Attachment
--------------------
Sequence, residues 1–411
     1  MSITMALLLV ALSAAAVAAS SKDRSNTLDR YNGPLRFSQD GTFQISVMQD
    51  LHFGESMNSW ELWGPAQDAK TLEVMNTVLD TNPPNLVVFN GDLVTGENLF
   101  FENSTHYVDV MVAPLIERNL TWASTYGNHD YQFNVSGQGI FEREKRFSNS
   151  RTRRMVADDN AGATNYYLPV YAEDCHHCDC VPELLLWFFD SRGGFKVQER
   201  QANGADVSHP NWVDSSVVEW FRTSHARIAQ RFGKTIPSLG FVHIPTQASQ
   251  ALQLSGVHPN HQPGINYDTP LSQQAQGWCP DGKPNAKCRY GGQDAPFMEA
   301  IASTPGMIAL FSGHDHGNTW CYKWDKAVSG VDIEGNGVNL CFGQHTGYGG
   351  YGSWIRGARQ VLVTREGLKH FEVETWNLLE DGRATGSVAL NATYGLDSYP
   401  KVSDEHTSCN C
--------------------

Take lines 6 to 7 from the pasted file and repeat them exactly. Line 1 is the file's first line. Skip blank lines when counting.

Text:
   201  QANGADVSHP NWVDSSVVEW FRTSHARIAQ RFGKTIPSLG FVHIPTQASQ
   251  ALQLSGVHPN HQPGINYDTP LSQQAQGWCP DGKPNAKCRY GGQDAPFMEA